A British Olympian is warning Northamptonshire people of the dangers of jumping into reservoirs this summer.
Olympic sailor Ben Saxton has launched the campaign by Anglian Water to talk about the risks of swimming in reservoirs in a bid to cool off.
They are warning that the pools often hide underwater machinery, strong currents and entangling mud and weeds.
Ben is now encouraging people to stay safe at Northamptonshire's reservoirs such as Pitsford, Sywell, Drayton and Sulby.
He said: "I have been sailing and playing in the water since I was four years old. The open water is exciting and fun but I'm always very aware of the danger it can pose too.
"The depth and cold temperature mean even on sunny days you can get into trouble. Be sensible, be safe and keep an eye on your mates."
With the summer weather growing warmer each week, many people will be searching for ways to keep cool while having fun in the sun. However, schools will soon be breaking up for summer and with exam results on their way, Anglian Water often sees an increase in young people celebrating their results with friends at reservoirs and watercourses across the region.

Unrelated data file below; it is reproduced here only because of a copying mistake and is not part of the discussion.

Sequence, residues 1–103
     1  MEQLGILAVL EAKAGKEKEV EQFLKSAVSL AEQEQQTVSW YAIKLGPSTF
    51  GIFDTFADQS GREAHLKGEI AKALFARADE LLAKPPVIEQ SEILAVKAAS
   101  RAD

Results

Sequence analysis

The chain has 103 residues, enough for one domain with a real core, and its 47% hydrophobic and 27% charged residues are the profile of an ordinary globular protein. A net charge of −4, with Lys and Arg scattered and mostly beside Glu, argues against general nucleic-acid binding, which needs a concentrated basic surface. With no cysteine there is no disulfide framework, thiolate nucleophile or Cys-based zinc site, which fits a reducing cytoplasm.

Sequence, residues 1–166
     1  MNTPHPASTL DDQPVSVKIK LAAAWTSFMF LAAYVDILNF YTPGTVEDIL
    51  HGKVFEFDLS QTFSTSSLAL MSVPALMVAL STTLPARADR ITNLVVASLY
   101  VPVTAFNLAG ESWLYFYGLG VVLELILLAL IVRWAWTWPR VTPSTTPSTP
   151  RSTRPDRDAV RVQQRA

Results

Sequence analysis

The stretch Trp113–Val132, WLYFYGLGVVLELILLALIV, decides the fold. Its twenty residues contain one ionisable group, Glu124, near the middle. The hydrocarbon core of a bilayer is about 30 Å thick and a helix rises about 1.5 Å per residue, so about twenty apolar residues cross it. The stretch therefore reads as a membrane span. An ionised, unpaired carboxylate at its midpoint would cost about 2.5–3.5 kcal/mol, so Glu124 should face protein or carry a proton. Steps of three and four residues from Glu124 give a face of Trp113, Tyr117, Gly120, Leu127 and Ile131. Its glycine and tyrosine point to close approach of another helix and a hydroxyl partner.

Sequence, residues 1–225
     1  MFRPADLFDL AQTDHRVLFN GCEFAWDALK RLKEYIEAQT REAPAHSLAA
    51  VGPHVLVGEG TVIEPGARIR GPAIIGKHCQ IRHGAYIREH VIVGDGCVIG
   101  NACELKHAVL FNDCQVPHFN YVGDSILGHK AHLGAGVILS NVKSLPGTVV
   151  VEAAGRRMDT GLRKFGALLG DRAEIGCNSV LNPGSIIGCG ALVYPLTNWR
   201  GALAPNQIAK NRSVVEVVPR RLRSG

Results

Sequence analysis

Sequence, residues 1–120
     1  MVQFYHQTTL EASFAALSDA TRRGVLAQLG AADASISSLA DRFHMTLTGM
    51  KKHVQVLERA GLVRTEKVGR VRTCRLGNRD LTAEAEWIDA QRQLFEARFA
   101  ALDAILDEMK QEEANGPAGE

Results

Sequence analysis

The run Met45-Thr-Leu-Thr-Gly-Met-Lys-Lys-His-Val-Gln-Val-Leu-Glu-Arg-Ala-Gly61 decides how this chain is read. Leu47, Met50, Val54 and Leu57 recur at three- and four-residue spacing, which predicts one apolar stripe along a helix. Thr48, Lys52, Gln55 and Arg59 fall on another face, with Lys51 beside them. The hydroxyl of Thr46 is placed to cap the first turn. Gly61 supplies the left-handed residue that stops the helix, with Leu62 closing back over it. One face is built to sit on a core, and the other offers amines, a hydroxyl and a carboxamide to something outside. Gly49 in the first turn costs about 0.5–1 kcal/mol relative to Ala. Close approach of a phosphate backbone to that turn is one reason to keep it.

Ben said: "When you're enjoying yourself with friends, it's hard to remember that playing in the water can be dangerous. Respect the water - have fun and not a nightmare.
"You never think it could happen to you, but circumstances can change quickly if you're not careful."
The advice follows a series of instances over the last few years where two young people tragically lost their lives after swimming unsupervised in rivers and reservoirs in East Anglia.
Anglian Water's David Hartley said: "Swimming in our reservoirs is illegal, unless it is in a properly designated and supervised area, like the popular beach area at Rutland Water. Swimming isn't the only option for people wanting to enjoy the summer sun at our reservoirs; we offer watersports, cycle routes, inflatable Aqua Parks and much more so you can enjoy the weather without having to worry."
"There are strong currents in the water and hidden machinery lies just below the surface, not to mention the mud and weeds which can trap even the strongest of swimmers. The unexpected temperatures can cause cold water shock and make it difficult for anyone."